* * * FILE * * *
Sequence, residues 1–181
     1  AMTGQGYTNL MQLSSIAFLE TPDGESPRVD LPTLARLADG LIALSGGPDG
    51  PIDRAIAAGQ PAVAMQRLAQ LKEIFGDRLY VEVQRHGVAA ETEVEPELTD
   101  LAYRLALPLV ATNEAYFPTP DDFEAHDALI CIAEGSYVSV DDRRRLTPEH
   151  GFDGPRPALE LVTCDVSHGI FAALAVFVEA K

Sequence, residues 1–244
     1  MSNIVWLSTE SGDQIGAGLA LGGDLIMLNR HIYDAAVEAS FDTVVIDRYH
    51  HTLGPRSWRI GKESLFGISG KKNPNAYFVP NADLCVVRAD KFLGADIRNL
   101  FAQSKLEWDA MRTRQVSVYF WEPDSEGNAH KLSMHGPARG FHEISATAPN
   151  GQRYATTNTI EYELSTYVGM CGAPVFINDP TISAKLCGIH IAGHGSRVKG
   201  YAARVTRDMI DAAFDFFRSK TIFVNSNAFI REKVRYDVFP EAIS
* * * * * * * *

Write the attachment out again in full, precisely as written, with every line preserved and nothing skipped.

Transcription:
Sequence, residues 1–181
     1  AMTGQGYTNL MQLSSIAFLE TPDGESPRVD LPTLARLADG LIALSGGPDG
    51  PIDRAIAAGQ PAVAMQRLAQ LKEIFGDRLY VEVQRHGVAA ETEVEPELTD
   101  LAYRLALPLV ATNEAYFPTP DDFEAHDALI CIAEGSYVSV DDRRRLTPEH
   151  GFDGPRPALE LVTCDVSHGI FAALAVFVEA K

Sequence, residues 1–244
     1  MSNIVWLSTE SGDQIGAGLA LGGDLIMLNR HIYDAAVEAS FDTVVIDRYH
    51  HTLGPRSWRI GKESLFGISG KKNPNAYFVP NADLCVVRAD KFLGADIRNL
   101  FAQSKLEWDA MRTRQVSVYF WEPDSEGNAH KLSMHGPARG FHEISATAPN
   151  GQRYATTNTI EYELSTYVGM CGAPVFINDP TISAKLCGIH IAGHGSRVKG
   201  YAARVTRDMI DAAFDFFRSK TIFVNSNAFI REKVRYDVFP EAIS